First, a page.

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This Detroit nonprofit provides jobs, clothing and shelter all at once

Communities across the country are struggling to create jobs and reduce homelessness. In Detroit, a nonprofit called Empowerment Plan has found a way to address both problems. The organization helps people in need with a unique, multipurpose garment, employment and a path toward continuing education. Special correspondent Mary Ellen Geist reports.

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  • Amna Nawaz:

    Across the country, communities struggle to create jobs and end homelessness.

    One Detroit nonprofit has found a unique solution to help address both challenges.

    Special correspondent Mary Ellen Geist has the story.

  • Mary Ellen Geist:

    Casandra Grimes has been homeless for a year. But she has started to stitch her life back together.

  • Casandra Grimes:

    I try to just make my life better than it was before.

  • Mary Ellen Geist:

    Grimes discovered a unique opportunity, working at the Empowerment Plan, a nonprofit organization dedicated to ending homelessness through employment.

    The organization was founded by Veronika Scott.

  • Veronika Scott:

    Both of my parents struggled with employment and addiction and poverty, and so it is creating an opportunity I wish had been given to my own family.

  • Mary Ellen Geist:

    While conducting research to design a coat for homeless people, Scott was confronted by a woman who told her that she didn't need a coat; she needed a job.

    That led Scott to launch the Empowerment Plan, which offers both employment and a unique product for people in need, a durable garment that can be transformed from a shoulder bag, to a coat, to a sleeping bag, and back to a shoulder bag.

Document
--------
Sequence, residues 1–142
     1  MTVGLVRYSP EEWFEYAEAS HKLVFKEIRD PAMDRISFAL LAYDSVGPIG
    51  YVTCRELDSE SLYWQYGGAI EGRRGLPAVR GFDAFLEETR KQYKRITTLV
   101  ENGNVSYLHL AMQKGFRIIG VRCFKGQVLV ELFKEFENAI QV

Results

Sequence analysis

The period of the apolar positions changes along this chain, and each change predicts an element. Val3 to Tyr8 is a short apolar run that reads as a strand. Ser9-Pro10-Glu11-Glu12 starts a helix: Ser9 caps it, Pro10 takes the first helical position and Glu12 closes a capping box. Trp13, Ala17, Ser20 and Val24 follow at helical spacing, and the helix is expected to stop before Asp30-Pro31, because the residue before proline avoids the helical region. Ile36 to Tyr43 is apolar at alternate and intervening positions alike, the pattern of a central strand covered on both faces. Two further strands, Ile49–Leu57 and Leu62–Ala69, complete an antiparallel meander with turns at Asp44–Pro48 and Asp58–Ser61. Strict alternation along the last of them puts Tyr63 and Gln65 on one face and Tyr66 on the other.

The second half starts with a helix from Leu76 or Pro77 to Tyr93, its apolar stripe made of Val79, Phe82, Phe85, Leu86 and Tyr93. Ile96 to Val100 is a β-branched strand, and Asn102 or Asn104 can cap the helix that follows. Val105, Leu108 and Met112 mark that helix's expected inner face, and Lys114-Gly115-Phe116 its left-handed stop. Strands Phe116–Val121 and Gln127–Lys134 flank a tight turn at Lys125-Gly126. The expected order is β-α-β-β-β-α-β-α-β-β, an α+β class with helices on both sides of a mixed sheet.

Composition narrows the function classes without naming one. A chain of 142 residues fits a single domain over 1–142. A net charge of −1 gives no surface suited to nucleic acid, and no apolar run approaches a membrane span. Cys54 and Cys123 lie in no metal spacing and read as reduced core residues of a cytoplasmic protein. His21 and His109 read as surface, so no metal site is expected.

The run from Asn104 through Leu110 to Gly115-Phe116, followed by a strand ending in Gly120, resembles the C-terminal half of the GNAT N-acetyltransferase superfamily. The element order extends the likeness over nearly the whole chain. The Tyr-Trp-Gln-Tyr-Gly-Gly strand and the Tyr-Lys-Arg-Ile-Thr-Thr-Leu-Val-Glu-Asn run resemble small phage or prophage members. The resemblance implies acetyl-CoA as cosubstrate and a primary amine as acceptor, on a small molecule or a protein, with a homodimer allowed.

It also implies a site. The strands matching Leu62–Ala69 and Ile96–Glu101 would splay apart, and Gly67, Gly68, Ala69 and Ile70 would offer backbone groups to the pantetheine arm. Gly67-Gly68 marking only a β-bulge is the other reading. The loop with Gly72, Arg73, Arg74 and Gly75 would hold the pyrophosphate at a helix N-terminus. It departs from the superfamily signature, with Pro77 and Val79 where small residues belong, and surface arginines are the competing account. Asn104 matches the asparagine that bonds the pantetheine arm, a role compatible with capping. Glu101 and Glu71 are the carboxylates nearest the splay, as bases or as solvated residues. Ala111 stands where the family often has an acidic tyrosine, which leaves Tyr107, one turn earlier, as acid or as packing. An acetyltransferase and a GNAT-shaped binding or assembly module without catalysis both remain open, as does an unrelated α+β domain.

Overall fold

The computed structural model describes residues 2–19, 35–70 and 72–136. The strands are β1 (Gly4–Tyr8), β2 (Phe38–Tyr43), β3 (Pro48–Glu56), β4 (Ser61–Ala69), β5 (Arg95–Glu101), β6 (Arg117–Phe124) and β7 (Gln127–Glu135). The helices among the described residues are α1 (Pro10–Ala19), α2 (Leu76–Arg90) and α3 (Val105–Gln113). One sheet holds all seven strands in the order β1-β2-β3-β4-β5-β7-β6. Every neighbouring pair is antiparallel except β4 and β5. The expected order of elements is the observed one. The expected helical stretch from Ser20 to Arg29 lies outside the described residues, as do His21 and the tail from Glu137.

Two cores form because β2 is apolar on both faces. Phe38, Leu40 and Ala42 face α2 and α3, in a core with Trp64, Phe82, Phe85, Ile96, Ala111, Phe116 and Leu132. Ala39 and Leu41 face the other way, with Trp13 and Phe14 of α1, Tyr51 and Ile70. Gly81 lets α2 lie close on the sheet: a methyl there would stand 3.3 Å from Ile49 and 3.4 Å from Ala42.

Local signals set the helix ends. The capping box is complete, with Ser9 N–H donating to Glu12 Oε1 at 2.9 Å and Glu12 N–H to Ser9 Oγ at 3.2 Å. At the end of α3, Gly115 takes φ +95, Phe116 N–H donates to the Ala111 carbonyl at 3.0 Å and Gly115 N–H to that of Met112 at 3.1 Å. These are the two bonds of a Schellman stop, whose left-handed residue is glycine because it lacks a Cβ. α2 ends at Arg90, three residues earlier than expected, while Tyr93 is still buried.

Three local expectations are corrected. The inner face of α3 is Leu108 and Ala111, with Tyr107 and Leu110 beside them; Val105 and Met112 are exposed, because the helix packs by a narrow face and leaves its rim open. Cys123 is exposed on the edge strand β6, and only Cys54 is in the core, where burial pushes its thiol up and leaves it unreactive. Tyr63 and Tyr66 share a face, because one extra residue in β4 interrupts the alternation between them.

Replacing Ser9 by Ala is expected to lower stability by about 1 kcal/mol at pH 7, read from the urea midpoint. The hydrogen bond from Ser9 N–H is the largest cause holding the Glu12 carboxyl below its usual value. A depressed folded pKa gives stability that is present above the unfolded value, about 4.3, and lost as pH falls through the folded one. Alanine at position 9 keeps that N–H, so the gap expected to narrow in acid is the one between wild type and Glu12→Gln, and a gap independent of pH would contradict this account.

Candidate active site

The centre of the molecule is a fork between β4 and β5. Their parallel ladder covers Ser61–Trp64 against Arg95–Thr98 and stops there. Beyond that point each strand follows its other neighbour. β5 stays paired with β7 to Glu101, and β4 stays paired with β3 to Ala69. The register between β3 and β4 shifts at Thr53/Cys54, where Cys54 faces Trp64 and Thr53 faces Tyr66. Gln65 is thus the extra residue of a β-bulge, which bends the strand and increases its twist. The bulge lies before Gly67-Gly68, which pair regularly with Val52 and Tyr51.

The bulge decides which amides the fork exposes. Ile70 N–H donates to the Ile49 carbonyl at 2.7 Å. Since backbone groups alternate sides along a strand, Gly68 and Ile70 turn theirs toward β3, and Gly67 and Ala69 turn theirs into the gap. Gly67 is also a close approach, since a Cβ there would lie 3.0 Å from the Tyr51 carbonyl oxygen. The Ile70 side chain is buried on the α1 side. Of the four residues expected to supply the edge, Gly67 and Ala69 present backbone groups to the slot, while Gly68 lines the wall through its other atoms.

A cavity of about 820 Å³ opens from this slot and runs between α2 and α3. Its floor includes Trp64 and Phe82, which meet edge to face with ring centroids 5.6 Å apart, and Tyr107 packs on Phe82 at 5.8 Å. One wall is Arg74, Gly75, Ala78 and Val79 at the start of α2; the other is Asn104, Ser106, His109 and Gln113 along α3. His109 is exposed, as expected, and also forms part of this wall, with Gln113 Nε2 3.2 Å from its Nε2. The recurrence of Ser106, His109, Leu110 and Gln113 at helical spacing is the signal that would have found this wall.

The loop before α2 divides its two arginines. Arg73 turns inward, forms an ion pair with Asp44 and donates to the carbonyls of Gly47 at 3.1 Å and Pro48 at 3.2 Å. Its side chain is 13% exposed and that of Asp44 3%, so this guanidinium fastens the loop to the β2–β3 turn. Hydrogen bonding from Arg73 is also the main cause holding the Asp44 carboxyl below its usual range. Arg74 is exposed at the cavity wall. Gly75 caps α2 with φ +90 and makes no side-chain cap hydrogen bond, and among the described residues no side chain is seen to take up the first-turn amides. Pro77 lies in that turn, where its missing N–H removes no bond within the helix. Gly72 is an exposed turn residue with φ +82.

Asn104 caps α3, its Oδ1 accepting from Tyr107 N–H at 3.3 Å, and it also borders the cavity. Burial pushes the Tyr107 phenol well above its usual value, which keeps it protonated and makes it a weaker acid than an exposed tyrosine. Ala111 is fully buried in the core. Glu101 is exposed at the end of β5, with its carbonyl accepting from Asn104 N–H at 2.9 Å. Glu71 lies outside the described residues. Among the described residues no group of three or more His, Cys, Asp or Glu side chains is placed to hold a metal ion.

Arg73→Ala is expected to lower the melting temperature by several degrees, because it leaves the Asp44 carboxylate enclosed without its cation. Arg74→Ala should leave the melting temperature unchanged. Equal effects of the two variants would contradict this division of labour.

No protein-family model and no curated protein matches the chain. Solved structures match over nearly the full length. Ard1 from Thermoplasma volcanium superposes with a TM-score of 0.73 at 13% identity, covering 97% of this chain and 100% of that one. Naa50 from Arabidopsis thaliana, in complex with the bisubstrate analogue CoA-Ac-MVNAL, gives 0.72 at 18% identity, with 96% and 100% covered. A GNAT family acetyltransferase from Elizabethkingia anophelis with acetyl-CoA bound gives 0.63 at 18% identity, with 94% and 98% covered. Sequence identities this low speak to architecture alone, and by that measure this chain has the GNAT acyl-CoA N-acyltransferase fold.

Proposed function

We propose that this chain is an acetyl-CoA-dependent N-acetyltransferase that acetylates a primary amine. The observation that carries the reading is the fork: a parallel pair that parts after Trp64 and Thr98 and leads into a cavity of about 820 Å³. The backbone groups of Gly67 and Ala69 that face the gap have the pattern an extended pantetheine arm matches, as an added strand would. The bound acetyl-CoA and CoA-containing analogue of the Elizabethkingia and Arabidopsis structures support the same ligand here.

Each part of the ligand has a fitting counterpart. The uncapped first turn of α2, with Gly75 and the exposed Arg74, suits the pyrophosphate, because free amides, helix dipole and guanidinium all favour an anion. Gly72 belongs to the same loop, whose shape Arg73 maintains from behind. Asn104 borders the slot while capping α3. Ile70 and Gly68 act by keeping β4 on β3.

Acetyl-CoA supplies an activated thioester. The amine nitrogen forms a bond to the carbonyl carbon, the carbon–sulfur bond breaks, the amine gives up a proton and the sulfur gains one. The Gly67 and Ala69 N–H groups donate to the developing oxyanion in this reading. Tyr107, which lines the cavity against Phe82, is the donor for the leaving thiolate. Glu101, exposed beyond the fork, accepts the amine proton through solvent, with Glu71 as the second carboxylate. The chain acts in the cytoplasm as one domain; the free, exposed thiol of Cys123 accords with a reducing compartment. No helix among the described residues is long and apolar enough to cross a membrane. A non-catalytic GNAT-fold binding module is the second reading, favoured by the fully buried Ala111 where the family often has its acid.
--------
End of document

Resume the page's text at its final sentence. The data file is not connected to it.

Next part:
• Veronika Scott:

    The coat on its own is a Band-Aid for a systemic issue, and what really has the impact is hiring the people that would need it in the first place.

  • Mary Ellen Geist:

    Casandra Grimes admits the job has its challenges.

  • Casandra Grimes:

    You got to focus when you thread, because I kept on breaking the needle when I first started. But I manage it now.

  • Mary Ellen Geist:

    Managing the work-life balance is a part of employment at the Empowerment Plan. Employees spend 60 percent of their paid time working and 40 percent improving their education and life skills.

  • Veronika Scott:

    Empowerment Plan started off as an education for me, and it really has evolved into creating that same opportunity for education for everybody.

  • Mary Ellen Geist:

    Grimes is studying for her GED, and plans to attend college and pursue a career as a seamstress.

    Employees work at the Empowerment Plan for two years, then transition out into the workforce. Grimes has a year left, and the organization is helping her find an apartment of her own.

  • Casandra Grimes:

    I really do feel empowered when I am here, because I can get a good job in the future knowing I have got my education. I love what I do. They helped me get back on my feet too.

  • Mary Ellen Geist:

    For the "PBS NewsHour," I'm Mary Ellen Geist in Detroit, Michigan.

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